Jane Austen was an English novelist known primarily for her six major novels, which interpret, critique and comment upon the British landed gentry at the end of the 18th century. Austen's plots often explore the dependence of women on marriage in the pursuit of favourable social standing and economic security.
Pride and Prejudice follows the turbulent relationship between Elizabeth Bennet, the daughter of a country gentleman, and Fitzwilliam Darcy, a rich aristocratic landowner. They must overcome the titular sins of pride and prejudice in order to fall in love and marry.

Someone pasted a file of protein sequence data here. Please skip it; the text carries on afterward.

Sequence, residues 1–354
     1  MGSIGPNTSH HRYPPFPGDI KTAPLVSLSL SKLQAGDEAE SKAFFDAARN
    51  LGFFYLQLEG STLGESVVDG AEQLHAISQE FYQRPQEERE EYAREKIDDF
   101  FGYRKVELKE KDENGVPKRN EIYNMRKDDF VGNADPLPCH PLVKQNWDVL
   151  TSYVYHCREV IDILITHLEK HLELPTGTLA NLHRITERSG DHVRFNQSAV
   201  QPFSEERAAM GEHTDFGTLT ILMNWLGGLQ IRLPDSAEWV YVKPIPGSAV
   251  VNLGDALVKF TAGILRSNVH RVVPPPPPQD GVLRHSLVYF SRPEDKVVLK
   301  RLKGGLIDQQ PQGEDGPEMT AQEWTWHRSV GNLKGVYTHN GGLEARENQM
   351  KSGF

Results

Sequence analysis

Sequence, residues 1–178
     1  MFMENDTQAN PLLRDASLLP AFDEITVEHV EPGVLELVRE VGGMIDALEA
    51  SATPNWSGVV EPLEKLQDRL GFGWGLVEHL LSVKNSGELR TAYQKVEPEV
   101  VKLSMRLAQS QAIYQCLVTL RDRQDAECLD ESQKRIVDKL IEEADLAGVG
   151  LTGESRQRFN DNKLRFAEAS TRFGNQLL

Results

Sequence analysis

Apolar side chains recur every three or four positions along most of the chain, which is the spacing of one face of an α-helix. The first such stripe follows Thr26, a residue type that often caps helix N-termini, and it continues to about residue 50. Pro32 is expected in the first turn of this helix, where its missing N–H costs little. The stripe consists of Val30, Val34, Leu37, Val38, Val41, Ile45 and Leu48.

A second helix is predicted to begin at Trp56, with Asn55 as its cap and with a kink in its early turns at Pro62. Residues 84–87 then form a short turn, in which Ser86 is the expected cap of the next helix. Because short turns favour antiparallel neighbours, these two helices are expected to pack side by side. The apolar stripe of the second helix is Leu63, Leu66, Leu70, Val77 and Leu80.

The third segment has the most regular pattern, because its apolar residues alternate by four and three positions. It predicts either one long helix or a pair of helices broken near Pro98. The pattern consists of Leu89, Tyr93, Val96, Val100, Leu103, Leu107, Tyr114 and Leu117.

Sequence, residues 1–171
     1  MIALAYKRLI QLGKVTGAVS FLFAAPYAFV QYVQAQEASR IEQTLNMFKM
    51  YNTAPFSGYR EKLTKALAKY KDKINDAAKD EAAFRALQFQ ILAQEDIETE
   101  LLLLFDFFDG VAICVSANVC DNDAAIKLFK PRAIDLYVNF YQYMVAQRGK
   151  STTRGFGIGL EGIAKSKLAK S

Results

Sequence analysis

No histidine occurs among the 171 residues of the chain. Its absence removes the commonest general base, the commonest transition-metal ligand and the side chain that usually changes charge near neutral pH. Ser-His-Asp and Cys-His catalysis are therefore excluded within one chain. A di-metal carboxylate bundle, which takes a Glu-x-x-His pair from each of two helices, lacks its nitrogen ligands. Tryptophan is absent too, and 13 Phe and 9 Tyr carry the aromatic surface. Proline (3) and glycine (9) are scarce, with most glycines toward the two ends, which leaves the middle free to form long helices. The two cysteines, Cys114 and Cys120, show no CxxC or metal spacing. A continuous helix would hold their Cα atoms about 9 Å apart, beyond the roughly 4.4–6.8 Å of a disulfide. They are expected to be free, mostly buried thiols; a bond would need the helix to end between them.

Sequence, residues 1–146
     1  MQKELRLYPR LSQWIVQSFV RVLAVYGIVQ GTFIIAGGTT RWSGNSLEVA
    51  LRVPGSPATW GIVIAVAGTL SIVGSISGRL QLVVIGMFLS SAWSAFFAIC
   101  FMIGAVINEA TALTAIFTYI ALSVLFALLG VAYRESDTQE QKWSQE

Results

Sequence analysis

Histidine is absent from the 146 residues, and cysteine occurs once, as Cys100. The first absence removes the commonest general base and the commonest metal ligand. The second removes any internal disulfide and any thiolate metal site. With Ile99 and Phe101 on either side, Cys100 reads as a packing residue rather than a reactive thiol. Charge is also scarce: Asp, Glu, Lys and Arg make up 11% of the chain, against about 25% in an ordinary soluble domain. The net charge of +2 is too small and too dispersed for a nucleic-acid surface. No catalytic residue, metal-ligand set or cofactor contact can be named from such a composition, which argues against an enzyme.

Collagist Fabe adds flair to Jane Austen's Pride and Prejudice with 39 original illustrations that accompany the unabridged text. Fabe's collages overlay bright, watercolor-washed scenes with retro cut-paper figures and objects sampled from fashion magazines from the 1930s to the '50s. Accompanying each tableau is a quote from the Pride and Prejudice passage that inspired it. Like Austen's book, Fabe's work explores arcane customs of beauty and courtship, pageantry and social artifice: in one collage, a housewife holds a tray of drinks while a man sits happily with a sandwich in hand in the distance. While tinged with irony and more than a dash of social commentary, the collages nevertheless have a spirit of glee and evidence deep reverence for the novel. As Fabe describes in a preface, Austen "was a little bit mean the way real people are mean so there are both heroes and nincompoops. Family is both beloved and annoying. That is Austen's genius, her ability to describe people in all their frailty and humor." This is a sweet and visually appealing homage. (BookLife)